Pubdate: Wed, 2 Dec 2009
Source: Mail Tribune, The (Medford, OR)
Copyright: 2009 The Mail Tribune
Note: Only prints LTEs from within it's circulation area
Author: Damian Mann
Bookmark: (Cannabis - Medicinal - United States)


Jackson County commissioners headed into potentially controversial 
territory Tuesday to pursue land-use regulations that could curb 
large-scale medical marijuana operations.

Responding to complaints from neighbors of medical marijuana gardens, 
the commissioners directed planning and legal staff to craft an 
ordinance that would regulate traffic, noise, smell, visibility of 
the gardens and lights used for growing and prohibit cultivation 
within 1,000 feet of a school.

County legal counsel Frank Hammond told commissioners a local 
ordinance may be legally feasible because state law regulating 
medical marijuana doesn't address land-use issues with gardens.

But there likely would be legal challenges from marijuana advocacy 
groups, he said.

"One of my points is this whole thing would be very controversial," he said.

Some of the concerns could be addressed in Initiative 28, an effort 
that would regulate growers in Oregon and subject them to state 
oversight, said Rep. Peter Buckley, an Ashland Democrat.

Buckley said Initiative 28, which has about half the signatures 
necessary to put it on the November 2010 ballot, could end the 
problems associated with fly-by-night growers.

Buckley is a strong supporter of state medical marijuana laws, but he 
said he is also concerned about the behavior of some growers.

"It is extremely frustrating for me when people who are involved in 
the program as growers don't behave like responsible citizens," he said.

Buckley said the Legislature isn't likely to deal with land-use 
problems associated with medical marijuana when it convenes in 
February for a limited session.

With 2,418 medical marijuana cardholders, Jackson County has the 
third highest number of patients using the drug behind Multnomah and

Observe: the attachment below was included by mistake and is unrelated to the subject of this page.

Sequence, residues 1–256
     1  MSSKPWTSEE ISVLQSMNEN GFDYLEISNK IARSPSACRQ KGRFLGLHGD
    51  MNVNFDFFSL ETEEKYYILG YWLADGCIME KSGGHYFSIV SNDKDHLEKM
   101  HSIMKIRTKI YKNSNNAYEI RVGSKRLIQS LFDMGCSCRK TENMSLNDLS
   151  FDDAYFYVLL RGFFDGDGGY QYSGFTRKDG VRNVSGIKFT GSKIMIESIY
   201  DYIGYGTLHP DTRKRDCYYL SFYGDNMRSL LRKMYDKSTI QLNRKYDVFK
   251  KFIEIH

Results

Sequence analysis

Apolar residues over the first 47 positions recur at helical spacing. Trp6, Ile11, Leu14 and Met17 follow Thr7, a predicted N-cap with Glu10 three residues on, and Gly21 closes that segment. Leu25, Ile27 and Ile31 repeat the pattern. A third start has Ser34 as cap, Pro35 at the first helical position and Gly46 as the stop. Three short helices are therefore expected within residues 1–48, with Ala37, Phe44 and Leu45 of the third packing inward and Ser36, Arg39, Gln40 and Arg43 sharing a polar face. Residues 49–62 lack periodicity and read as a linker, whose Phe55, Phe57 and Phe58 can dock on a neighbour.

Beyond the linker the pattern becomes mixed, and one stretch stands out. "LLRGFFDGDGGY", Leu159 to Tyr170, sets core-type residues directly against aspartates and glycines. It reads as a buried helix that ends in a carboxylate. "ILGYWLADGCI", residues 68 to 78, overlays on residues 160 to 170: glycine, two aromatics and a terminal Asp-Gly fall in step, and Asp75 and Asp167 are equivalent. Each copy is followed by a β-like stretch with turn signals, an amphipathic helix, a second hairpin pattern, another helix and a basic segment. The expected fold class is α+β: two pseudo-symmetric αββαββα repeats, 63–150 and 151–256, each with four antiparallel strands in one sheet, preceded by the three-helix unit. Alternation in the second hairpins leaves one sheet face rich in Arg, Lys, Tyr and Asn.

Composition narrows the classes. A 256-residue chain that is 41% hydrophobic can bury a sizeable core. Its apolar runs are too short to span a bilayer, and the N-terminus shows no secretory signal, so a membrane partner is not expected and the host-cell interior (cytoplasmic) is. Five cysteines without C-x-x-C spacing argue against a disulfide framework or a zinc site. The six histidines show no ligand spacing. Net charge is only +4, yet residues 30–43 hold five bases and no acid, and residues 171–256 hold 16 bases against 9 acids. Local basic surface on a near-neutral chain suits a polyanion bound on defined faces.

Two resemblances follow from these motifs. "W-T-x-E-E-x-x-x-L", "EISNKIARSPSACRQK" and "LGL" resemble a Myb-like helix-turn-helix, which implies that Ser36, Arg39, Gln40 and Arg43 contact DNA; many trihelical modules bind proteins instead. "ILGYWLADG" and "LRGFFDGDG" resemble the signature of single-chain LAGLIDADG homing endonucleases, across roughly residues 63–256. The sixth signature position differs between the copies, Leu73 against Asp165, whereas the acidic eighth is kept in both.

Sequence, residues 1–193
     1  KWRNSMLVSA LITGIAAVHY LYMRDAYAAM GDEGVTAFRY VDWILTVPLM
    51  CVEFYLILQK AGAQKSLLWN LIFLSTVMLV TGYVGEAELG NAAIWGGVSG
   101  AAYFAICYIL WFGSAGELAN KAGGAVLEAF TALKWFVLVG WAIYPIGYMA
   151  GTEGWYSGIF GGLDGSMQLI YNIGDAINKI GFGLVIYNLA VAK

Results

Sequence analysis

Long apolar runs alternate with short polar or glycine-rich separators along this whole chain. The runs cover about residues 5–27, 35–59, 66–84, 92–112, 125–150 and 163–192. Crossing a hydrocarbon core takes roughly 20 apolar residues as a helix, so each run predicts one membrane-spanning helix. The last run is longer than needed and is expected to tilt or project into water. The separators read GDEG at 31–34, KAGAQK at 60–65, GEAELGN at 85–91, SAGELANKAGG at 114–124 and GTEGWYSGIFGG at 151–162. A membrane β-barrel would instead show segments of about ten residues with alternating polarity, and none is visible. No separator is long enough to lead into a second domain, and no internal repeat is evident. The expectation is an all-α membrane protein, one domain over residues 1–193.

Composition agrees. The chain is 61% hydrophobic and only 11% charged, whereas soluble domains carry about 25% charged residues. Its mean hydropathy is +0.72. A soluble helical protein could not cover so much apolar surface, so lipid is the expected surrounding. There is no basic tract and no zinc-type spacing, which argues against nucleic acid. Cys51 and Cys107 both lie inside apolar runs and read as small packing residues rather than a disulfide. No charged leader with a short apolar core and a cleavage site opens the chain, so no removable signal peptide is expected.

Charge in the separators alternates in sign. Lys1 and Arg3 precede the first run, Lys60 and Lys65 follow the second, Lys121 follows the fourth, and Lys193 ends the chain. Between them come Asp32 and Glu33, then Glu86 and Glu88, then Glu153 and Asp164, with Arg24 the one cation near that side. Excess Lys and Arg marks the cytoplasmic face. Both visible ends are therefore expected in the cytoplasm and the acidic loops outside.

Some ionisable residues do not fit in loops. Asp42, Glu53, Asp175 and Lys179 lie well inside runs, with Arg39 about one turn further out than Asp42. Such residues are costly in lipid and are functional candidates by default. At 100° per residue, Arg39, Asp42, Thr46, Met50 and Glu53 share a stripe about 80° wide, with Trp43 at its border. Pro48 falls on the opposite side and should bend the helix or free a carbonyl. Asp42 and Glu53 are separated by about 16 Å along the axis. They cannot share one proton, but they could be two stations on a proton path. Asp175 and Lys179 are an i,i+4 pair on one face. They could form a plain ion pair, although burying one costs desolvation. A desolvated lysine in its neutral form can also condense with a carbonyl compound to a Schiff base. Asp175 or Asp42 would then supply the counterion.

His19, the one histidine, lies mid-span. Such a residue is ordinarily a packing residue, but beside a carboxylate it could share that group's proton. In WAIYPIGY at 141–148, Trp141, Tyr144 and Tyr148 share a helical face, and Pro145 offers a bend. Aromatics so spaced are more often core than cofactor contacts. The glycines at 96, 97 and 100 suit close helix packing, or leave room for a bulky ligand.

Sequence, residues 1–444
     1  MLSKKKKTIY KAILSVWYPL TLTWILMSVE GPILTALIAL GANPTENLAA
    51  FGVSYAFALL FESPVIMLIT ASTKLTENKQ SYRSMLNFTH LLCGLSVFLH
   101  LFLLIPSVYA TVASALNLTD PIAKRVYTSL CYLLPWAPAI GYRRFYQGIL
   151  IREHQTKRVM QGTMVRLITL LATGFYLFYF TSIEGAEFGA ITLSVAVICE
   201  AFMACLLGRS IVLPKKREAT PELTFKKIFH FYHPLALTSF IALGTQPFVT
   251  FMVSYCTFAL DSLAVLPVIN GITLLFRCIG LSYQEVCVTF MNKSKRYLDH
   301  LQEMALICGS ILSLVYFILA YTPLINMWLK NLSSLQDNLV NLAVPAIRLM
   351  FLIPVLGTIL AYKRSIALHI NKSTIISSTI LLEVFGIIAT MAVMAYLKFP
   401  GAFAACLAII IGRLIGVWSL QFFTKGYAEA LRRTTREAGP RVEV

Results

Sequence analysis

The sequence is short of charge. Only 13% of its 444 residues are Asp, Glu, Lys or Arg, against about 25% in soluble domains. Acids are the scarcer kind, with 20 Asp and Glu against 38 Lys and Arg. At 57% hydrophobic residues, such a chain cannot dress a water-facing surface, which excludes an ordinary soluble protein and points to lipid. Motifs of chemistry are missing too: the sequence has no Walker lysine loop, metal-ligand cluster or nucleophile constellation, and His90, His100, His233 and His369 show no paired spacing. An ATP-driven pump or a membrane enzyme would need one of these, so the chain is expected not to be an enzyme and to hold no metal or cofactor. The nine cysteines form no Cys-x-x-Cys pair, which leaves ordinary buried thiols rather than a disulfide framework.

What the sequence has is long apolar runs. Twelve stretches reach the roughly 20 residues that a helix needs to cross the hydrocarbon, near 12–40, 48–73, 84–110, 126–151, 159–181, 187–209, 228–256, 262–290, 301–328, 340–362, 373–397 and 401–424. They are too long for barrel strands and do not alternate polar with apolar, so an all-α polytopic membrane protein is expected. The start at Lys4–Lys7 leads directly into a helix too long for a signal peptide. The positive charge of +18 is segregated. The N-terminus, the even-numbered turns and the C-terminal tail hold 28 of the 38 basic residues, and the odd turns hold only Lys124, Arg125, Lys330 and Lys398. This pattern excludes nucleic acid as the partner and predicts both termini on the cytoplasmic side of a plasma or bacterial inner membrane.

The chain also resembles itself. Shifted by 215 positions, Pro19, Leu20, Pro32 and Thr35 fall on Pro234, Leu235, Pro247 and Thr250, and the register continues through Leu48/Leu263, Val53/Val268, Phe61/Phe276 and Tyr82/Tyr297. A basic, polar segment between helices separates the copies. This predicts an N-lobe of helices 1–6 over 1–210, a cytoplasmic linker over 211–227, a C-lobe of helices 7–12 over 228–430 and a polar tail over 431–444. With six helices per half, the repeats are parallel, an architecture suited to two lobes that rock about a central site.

Lane counties, according to the Oregon Medical Marijuana Program.

A caregiver can grow up to six mature plants and 18 starts and 
seedlings per patient for up to four patients.

The county cannot create an ordinance that contradicts or is more 
restrictive than the state medical marijuana law, Hammond said.

He suggested commissioners consider regulating marijuana cultivation 
as an agricultural use.

The county leaders wondered whether the nonprofit marijuana gardens 
could be treated as a small business.

Commissioner Jack Walker likened them to an operation that wanted to 
open a rock quarry.

Hammond said that under state law, growers can be reimbursed for 
expenses but can't make a profit like a regular business.

Commissioner C.W. Smith said he is concerned that growers are banding 
together to create large operations that increase traffic and cause 
other issues in neighborhoods.

"It is a quasi-commercial event, even though it is not a 
profit-making one," Smith said. He noted that he doesn't have a 
problem with people who have medical marijuana cards.

Smith said the state should have more oversight of marijuana since it 
is still considered a controlled substance.

Commissioner Dave Gilmour said some of these gardens are a nuisance 
in some neighborhoods, and he thought it appropriate to have some restrictions.

Bruce Mirken, spokesman for the Marijuana Policy Project, a national 
organization that has sought to decriminalize marijuana, said most of 
the conflicts with medical marijuana have arisen over dispensaries, 
not the gardens.

In general, he said his organization doesn't have a problem with 
reasonable laws that deal with neighborhood nuisance problems that 
might arise from marijuana gardens.

"There may be some things not solvable by the law," he said. "Living 
with other people in society requires dealing with some level of nuisance."

For instance, a homeowner who lived next to oil fields couldn't shut 
down production just because he didn't like the smell, Mirken said.

He said commissioners are confronting the kind of neighborhood 
concerns local governments face every day.

"They are trying to find a way to solve legitimate legal concerns," he said. 
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